Pro Boxing Photographer Mikey Wiliams Discusses the Return of Live Boxing

Andy catches up with Mikey Williams, photographer for Top Rank Boxing, who photographed the first live boxing match held during the COVID-19 pandemic on June 9. 

Williams describes the return to live boxing as “nonstop, controlled chaos” due to a ramped-up schedule. He said that fighters and staff get tested for coronavirus twice per week and were required to stay within the “bubble” Top Rank created in Las Vegas at the MGM Grand hotel.

In addition to precautions such as staff wearing masks. Williams explained that he was photographing from an elevated position near the ring instead of his usual ringside spot. But Williams is up to the challenge of continuing to capture action-packed images.

“I want to make iconic photos every night…things happen and you just have to battle through them and stay locked in,” Williams said.

Williams began his photography career when he studied photojournalism in college after he finished his service with the Navy. 

“My first assignment was baseball,” Williams said. “Baseball was my sport, I grew up playing since I was 5-years-old.”

He remembered collecting baseball cards with his father and credits those images with influencing his later work.

“I saw all these professional sports photos. I have all these images in my head of what that’s supposed to look like,” Williams said in an interview.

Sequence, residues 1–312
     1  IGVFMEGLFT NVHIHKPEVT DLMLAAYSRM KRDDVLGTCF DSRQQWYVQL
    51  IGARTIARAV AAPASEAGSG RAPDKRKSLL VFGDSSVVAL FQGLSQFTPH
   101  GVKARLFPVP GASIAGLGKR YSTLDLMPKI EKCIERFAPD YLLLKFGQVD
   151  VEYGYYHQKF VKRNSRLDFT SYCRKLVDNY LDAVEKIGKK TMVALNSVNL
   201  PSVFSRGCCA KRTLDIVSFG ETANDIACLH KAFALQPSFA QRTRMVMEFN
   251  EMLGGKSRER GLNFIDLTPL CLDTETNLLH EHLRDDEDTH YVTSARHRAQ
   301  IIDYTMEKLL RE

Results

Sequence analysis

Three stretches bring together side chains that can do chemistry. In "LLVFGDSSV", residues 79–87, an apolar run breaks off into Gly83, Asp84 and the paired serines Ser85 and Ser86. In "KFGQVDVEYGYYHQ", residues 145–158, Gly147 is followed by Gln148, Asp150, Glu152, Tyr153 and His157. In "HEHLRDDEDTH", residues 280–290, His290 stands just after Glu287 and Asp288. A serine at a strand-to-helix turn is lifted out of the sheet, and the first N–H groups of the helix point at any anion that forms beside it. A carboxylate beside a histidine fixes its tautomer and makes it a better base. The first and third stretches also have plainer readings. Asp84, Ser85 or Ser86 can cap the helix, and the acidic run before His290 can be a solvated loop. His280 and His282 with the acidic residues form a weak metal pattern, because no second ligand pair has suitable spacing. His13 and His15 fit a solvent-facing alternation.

From there, he worked with the Gardena Valley newspaper and secured a credential to photograph at Dodger Stadium which led to his meeting longtime Dodgers team photographer Jon SooHoo. Next thing Mikey knew he was working for Jon and the Dodgers covering the 2017 and 2018 World Series at Dodger Stadium.

“It was a dream come true, aside from not pitching for them,” Williams said.

He described being eager to learn photography and practicing at every opportunity he could, including taking photos of fish swimming in an aquarium to teach himself how to shoot quick action.

Eight years ago, boxer Brandon Rios reached out to Williams about his photography. After this first foray into boxing, Rios and Williams went on to work for Top Rank Boxing, based in Las Vegas.

Williams and Bernstein discuss some of his favorite photos and how he has adapted to “shoot less” and produce images faster to meet the demands of social media.

“I got into [photographing] boxing and I kind of fell in love with the sport, there’s something different about a boxer,” Williams said. “I’m super proud and happy to represent the fighters.”

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